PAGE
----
×
Log in to StudySoup
Get Full Access to General Chemistry: Principles And Modern Applications - 10 Edition - Chapter 16 - Problem 13
Join StudySoup for FREE
Get Full Access to General Chemistry: Principles And Modern Applications - 10 Edition - Chapter 16 - Problem 13

Already have an account? Login here
×
Reset your password

What is in a solution obtained by dissolving 205 mL

General Chemistry: Principles and Modern Applications | 10th Edition | ISBN: 9780132064521 | Authors: Ralph Petrucci ISBN: 9780132064521 175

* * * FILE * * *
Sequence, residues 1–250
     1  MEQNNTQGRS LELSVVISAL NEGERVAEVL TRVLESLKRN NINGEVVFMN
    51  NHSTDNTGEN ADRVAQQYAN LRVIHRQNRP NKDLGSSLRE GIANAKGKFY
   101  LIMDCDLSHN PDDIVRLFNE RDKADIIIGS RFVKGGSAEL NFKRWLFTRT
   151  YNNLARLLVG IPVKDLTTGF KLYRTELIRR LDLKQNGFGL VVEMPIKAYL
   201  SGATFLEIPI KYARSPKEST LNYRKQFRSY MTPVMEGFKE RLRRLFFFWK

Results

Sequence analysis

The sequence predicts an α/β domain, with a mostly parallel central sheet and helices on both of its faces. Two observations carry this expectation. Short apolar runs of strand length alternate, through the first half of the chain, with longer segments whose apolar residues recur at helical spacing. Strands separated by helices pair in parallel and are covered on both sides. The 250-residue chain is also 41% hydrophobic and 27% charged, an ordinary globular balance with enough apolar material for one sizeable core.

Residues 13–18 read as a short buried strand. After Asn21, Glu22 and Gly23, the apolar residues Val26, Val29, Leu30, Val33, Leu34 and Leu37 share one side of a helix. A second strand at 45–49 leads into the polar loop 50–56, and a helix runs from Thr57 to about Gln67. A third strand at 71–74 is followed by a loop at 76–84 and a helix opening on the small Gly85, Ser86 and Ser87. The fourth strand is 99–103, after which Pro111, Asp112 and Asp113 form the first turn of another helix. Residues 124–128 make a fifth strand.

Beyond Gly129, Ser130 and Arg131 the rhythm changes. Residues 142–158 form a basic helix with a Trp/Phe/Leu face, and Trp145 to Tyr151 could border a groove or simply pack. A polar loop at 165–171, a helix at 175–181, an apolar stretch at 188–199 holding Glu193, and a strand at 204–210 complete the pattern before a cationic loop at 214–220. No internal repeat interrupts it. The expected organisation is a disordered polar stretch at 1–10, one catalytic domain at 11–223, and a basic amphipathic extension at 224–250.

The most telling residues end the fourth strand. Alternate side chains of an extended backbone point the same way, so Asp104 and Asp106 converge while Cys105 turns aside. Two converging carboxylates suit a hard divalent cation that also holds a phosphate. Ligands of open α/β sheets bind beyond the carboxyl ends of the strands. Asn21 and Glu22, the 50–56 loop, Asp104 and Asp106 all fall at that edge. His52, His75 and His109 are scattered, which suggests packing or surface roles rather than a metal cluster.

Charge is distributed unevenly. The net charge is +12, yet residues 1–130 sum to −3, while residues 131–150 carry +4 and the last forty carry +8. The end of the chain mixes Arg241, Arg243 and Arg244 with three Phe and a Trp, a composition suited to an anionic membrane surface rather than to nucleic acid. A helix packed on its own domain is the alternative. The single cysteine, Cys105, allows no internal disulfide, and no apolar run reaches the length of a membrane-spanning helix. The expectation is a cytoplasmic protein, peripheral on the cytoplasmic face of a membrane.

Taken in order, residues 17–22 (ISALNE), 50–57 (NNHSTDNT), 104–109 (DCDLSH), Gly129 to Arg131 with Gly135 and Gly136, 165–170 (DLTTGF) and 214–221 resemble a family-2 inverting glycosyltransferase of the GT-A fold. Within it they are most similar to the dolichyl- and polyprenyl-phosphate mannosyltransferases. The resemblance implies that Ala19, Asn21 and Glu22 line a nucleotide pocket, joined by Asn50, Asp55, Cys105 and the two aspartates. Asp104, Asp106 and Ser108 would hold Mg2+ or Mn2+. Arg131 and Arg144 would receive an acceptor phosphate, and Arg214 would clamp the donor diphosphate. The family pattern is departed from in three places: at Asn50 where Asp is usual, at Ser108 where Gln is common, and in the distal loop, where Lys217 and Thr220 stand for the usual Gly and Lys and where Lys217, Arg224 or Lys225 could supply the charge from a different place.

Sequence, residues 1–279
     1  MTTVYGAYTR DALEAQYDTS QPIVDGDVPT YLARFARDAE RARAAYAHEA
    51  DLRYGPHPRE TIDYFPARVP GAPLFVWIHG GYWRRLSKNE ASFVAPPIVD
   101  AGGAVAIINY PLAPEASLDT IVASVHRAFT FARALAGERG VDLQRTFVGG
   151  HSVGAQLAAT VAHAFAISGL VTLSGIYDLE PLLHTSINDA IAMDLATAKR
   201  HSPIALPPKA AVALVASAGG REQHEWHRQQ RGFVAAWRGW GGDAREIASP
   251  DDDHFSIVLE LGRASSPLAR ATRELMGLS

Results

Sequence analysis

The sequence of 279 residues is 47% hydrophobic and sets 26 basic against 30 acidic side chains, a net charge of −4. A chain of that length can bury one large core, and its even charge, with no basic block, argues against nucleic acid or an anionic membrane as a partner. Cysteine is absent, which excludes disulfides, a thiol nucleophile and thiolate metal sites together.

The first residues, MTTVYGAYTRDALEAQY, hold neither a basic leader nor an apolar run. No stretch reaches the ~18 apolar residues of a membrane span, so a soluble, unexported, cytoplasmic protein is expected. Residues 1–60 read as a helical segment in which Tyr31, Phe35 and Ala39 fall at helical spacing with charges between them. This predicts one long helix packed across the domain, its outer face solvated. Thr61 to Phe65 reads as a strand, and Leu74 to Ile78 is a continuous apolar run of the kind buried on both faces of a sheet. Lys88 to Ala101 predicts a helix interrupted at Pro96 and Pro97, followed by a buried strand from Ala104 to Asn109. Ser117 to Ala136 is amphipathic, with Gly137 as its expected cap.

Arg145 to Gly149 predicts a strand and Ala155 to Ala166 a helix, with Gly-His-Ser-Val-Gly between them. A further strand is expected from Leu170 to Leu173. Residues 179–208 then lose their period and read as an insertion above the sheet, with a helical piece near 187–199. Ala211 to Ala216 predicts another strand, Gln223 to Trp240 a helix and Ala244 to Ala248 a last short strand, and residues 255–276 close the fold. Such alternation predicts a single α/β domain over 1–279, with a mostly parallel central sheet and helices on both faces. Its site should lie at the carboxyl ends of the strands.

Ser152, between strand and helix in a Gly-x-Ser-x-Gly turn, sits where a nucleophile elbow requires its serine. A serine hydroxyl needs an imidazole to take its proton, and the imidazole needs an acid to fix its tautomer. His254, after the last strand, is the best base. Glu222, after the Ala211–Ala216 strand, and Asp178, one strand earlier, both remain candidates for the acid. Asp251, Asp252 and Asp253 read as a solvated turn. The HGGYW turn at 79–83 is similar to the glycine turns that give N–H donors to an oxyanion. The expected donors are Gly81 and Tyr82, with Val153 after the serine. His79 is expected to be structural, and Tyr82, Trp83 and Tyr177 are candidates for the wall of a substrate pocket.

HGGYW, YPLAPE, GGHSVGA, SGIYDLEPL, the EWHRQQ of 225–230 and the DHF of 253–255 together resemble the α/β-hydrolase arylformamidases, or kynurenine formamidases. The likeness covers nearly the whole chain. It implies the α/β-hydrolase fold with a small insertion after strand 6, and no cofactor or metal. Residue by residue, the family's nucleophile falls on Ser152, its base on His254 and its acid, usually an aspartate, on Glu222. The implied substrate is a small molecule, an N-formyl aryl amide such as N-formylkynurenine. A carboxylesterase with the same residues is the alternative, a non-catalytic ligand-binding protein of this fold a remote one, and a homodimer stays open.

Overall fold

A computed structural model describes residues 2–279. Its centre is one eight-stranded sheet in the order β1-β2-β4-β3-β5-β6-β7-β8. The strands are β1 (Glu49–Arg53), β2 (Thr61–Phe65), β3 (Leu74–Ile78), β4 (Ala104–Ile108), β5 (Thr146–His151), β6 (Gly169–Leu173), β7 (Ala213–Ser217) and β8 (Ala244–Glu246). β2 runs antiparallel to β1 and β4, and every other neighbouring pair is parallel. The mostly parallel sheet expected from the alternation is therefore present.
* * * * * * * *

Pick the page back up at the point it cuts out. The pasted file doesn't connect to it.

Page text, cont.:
Solution for problem 13 Chapter 16

General Chemistry: Principles and Modern Applications | 10th Edition

  • Textbook Solutions
  • 2901 Step-by-step solutions solved by professors and subject experts
  • Get 24/7 help from StudySoup virtual teaching assistants
General Chemistry: Principles and Modern Applications | 10th Edition | ISBN: 9780132064521 | Authors: Ralph Petrucci

General Chemistry: Principles and Modern Applications | 10th Edition

4 5 1 403 Reviews
31
0
Problem 13

What is in a solution obtained by dissolving 205 mL HCl(g), measured at and 751 mmHg, in 4.25 L of aqueous solution?

Step-by-Step Solution:
Step 1 of 3